Hungary lost to Montenegro 11-10 on Tuesday, two days after dropping its opener at the London Olympics to Serbia 14-10. So after all that success in recent years, what's happened to the Hungarians this summer?
Well, you could chalk it up to the competition.
In a punishingly deep field in London, Hungary has had the misfortune of facing two of the top medal contenders in its first two matches.
Serbia is coming off a stellar few years topped by the European Championship this winter and is the favourite for gold in London, while Montenegro only fell a goal short against the Serbs in the 2012 European Championship title game.
"I don't want to think about a crisis," said star Tamas Kasas. "We lost against two of the best teams. We are disappointed, but we have many matches to come so we have to stay positive."
It does get easier for Hungary in the days to come, with Romania and Britain — neither water polo powers — up next before closing out the preliminary stage against the team it beat in the 2008 Beijing final, the United States.
Montenegro's Drasko Brguljan offered up another idea: The Hungarians are getting old.
"It's a very good team, exactly the same as it was before, but now they have a few years on them," Brguljan said with a smile before expressing a common sentiment among Hungary's rivals: "I think three golds is enough."
But Brguljan was indeed onto something. Water polo is a physically grueling sport, and all those hours in the pool take a toll.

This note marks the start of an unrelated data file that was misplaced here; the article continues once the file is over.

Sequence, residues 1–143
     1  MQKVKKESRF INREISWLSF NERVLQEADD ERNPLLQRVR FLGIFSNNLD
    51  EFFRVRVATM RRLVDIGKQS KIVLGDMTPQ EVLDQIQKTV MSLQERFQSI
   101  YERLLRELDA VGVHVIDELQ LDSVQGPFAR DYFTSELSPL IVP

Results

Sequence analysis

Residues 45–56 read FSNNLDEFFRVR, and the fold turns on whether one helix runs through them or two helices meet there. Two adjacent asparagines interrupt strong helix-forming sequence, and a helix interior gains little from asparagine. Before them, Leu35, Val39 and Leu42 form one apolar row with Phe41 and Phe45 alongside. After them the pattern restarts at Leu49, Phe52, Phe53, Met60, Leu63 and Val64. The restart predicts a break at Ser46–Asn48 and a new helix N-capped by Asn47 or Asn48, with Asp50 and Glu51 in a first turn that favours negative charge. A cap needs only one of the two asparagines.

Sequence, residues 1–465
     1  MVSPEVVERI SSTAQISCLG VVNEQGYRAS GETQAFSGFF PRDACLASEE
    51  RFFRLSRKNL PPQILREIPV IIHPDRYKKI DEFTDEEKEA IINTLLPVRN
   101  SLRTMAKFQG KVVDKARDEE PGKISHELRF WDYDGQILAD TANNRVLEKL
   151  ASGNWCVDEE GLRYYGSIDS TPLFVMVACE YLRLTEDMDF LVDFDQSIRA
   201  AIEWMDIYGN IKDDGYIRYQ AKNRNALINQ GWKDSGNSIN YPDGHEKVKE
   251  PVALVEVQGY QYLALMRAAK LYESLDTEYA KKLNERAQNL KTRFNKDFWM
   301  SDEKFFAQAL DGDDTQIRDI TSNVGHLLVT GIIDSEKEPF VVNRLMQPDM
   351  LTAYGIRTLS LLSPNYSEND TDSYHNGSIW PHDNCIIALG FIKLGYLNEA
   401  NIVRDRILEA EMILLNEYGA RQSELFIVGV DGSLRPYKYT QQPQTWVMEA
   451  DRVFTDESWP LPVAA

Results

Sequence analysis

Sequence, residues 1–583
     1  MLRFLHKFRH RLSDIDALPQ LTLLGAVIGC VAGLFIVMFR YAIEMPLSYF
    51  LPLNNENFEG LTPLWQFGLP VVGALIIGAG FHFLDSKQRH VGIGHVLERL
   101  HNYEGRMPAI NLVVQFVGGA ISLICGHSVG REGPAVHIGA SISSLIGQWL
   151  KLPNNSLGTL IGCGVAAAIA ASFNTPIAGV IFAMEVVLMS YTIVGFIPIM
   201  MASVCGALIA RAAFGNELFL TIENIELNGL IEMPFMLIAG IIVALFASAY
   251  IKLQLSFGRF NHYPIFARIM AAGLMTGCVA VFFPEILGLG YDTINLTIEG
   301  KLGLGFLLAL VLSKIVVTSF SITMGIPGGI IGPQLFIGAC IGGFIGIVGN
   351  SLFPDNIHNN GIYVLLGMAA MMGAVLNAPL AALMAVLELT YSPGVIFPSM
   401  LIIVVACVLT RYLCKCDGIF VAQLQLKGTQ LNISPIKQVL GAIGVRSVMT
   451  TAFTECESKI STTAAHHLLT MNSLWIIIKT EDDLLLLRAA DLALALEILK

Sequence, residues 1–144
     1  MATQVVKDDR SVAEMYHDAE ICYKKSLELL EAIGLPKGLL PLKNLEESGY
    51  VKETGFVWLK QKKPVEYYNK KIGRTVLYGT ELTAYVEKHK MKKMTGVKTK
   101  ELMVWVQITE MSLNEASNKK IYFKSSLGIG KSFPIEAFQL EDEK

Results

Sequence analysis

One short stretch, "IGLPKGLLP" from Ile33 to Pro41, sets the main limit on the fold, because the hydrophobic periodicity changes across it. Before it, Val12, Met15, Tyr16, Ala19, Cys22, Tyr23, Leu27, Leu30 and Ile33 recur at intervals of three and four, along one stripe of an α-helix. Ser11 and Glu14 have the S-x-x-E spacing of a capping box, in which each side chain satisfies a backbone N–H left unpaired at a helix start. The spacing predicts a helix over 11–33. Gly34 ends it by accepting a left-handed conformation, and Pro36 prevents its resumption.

The veteran core of the Hungarian team — 36-year-olds Tamas Kasas and Peter Biros and 34-year-olds Zoltan Szesci and Gergely Kiss — have all played on those three gold medal winning teams over the past 12 years, and are now quickly approaching retirement.
Kasas, for one, already retired from the national team once, leaving the squad after its Beijing triumph and only returning this winter for the European Championship and a shot at another Olympic gold.
"Of course we are older, everybody gets older with time, and the other teams get motivated and everybody wants to win the Olympics," Kasas said. "We won the last three Olympics, so everybody wants to beat us. It's 1,000 times more difficult now in London than it was in Beijing or Athens, so we have to be 1,000 times better than then, so it is very difficult."
The traditional power in men's water polo, Hungary has won a record nine Olympic golds, and has a shot at an unprecedented fourth consecutive title this year.
Even with two losses on the books so far in London, coach Denes Kemeny, who has steered Hungary to its last three Olympic titles, isn't panicking.
Ever confident, he said that all it will take for Hungary's past glittering form to return — and the wins that come with it — are a few tweaks.
"Today we had a very balanced play, only small things are missing to get the right picture," he said. "It's probably the level of concentration. It's disturbing, I think we could have won this easily."
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